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Microfinance and training in the agricultural sector

Food security through the promotion of smallholder farmers

With the Agriculture Project (AGRAR), AFOS strengthens the socio-economic situation of low-income families and improves the performance of micro and small enterprises (MSEs) in rural Nigeria.

Working closely with agri-oriented industries, livestock and crop farms, we contribute to the steady growth of the agricultural sector by training smallholder farmers in Nigeria. We are convinced that Nigeria’s small farmers are able to enable the country to become economically self-sufficient.

Training Smallholder Farmers in Nigeria

Nigeria needs 3 million new jobs a year

Nigeria’s population already numbers more than 200 million people and is growing rapidly. Lagos, the economic centre of West Africa with 26 million inhabitants, is growing by 3.5% annually, which is the size of Frankfurt. Due to the prevailing lack of infrastructure, health care and education, there is little prospect of secure employment, housing and basic social services. The country needs 3 million new and sustainable jobs every year.

Without a perspective for young people, however, urbanisation, violence and migration – also to Europe – will increase rapidly. Already in 2022, 60% of the population were young people aged 15 to 35. This is where AFOS comes in with its project work.

Potential of the economically active poor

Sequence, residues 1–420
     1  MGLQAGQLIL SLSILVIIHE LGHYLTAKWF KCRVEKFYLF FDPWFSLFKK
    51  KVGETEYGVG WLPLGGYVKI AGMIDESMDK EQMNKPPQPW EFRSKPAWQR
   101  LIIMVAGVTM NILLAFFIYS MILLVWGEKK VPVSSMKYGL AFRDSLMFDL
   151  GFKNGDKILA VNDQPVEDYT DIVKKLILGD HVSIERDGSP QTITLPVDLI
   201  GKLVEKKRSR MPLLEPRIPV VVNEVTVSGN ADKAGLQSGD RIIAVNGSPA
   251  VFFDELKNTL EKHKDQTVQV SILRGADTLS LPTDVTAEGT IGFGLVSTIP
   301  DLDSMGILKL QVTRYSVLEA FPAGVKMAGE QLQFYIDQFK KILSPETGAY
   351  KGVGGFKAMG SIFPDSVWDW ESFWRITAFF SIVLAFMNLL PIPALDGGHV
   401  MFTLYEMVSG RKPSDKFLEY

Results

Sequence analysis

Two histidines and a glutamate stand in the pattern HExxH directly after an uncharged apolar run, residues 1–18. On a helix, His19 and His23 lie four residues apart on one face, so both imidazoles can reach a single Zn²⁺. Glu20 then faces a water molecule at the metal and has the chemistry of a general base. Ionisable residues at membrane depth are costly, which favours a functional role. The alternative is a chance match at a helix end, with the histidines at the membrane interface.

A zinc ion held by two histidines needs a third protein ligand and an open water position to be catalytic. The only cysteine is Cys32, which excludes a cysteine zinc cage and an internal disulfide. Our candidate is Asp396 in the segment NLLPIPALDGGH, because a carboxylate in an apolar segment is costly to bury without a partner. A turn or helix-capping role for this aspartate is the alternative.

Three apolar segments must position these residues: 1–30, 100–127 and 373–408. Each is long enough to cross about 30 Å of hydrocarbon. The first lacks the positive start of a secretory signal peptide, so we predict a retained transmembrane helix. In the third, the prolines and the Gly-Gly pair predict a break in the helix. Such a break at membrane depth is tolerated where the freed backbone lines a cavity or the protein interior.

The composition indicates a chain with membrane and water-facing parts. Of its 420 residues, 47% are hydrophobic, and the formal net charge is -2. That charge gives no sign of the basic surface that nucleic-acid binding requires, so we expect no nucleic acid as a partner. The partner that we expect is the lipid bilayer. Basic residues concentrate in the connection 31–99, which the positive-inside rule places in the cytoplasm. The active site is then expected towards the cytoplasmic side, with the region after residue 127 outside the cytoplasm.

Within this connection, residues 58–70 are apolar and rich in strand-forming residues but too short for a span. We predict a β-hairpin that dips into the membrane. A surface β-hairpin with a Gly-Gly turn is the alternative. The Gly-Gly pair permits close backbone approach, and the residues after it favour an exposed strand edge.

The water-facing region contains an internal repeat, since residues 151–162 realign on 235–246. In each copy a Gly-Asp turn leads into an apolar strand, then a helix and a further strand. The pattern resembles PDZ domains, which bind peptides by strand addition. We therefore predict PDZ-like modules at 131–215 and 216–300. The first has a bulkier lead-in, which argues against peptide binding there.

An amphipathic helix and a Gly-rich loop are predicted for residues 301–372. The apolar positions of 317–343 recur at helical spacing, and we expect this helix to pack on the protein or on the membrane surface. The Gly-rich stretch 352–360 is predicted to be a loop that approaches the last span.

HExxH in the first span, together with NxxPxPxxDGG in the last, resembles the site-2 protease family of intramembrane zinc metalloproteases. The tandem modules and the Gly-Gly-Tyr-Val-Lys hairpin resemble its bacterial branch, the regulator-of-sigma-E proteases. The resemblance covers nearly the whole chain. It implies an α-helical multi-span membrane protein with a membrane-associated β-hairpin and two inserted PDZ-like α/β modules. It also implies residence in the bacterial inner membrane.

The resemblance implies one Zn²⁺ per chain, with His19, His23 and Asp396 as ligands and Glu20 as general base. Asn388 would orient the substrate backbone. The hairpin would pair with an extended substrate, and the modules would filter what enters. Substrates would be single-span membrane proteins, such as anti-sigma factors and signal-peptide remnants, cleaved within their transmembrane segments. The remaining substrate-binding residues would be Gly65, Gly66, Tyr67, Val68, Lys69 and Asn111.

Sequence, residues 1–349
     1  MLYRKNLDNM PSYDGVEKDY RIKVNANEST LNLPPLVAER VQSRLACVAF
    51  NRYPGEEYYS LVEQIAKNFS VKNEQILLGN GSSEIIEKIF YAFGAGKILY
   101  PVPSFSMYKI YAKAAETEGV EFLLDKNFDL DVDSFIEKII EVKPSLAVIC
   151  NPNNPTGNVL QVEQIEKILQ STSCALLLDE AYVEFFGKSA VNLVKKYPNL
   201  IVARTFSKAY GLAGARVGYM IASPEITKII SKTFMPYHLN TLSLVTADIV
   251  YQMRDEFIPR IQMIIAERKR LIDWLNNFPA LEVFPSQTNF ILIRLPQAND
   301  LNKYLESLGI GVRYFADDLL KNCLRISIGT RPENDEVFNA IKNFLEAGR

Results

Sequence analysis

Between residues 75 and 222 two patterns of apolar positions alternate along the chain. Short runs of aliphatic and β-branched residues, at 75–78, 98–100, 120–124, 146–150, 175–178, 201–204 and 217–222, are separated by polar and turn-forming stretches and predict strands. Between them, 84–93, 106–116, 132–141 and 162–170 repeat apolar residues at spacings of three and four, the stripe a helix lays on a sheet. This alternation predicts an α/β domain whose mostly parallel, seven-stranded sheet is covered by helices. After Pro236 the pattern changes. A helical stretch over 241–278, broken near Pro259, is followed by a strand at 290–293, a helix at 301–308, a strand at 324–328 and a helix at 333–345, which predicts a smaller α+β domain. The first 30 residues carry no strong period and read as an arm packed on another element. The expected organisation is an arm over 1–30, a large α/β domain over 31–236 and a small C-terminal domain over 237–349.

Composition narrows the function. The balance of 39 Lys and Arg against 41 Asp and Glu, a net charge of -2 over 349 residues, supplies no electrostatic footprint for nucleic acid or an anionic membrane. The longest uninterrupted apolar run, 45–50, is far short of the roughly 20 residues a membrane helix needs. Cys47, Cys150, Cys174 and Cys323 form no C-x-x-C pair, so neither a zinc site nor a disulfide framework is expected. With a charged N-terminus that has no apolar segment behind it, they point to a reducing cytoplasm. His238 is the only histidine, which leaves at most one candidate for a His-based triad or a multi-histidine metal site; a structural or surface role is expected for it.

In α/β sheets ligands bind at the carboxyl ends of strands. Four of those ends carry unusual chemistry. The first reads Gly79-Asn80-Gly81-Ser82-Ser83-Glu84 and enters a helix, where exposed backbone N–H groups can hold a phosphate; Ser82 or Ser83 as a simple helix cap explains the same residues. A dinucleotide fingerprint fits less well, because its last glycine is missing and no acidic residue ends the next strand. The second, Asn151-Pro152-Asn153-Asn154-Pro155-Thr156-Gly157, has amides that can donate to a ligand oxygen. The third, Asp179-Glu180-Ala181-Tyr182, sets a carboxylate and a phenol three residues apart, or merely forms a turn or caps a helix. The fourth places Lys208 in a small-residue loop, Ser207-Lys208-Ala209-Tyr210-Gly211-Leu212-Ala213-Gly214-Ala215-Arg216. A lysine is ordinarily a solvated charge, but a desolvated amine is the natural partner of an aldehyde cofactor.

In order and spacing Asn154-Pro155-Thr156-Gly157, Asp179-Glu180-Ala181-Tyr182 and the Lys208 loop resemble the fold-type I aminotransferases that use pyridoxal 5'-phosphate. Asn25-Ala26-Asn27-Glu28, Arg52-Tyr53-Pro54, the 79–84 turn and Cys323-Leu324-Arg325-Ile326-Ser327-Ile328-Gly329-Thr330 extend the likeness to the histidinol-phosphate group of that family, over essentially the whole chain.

Agriculture is the largest contributor to Nigeria’s GDP and employs two-thirds of the labour force. Smallholder farmers account for 90% of Nigeria’s total food production, yet poverty still affects most smallholder farmers in Nigeria. This is due to knowledge/skills gaps, limited access to finance, inferior inputs, outdated farming practices and poor access to markets. Our project work aims to reduce these deficits. Income is to be increased and stabilised through the training of small farmers as well as financial and technological interventions.

AFOS in Nigeria: Qualification of smallholder farmers

What we have already achieved

  • We supported the establishment of the MLDC training institute with the 8 key players in the microfinance sector in Nigeria
  • We actively supported the establishment of the Nigerian Microfinance Platform (NMP), which currently has 36 members and acts as the most important sector network and innovation driver.
  • Our partners have increased the number of microfinance customers tenfold to more than 6 million
  • 5 studies and 8 symposia were conducted on the topics of corporate governance, savings mobilisation, digitalisation, sector consolidation, agricultural finance finance and self-regulation.
  • More than 300 managers and junior staff were trained in management methods , each for around 50 days
  • More than 300 participants were trained in workshops on organizational development .
  • We have trained more than 2,250 smallholder farmers, of which more than 370 additional trainers underwent the Trainer Eligibility Qualification
  • 136 loan officers/branch managers from 62 microfinance banks across the country have received intensive training on agricultural finance – e-learning modules are currently being developed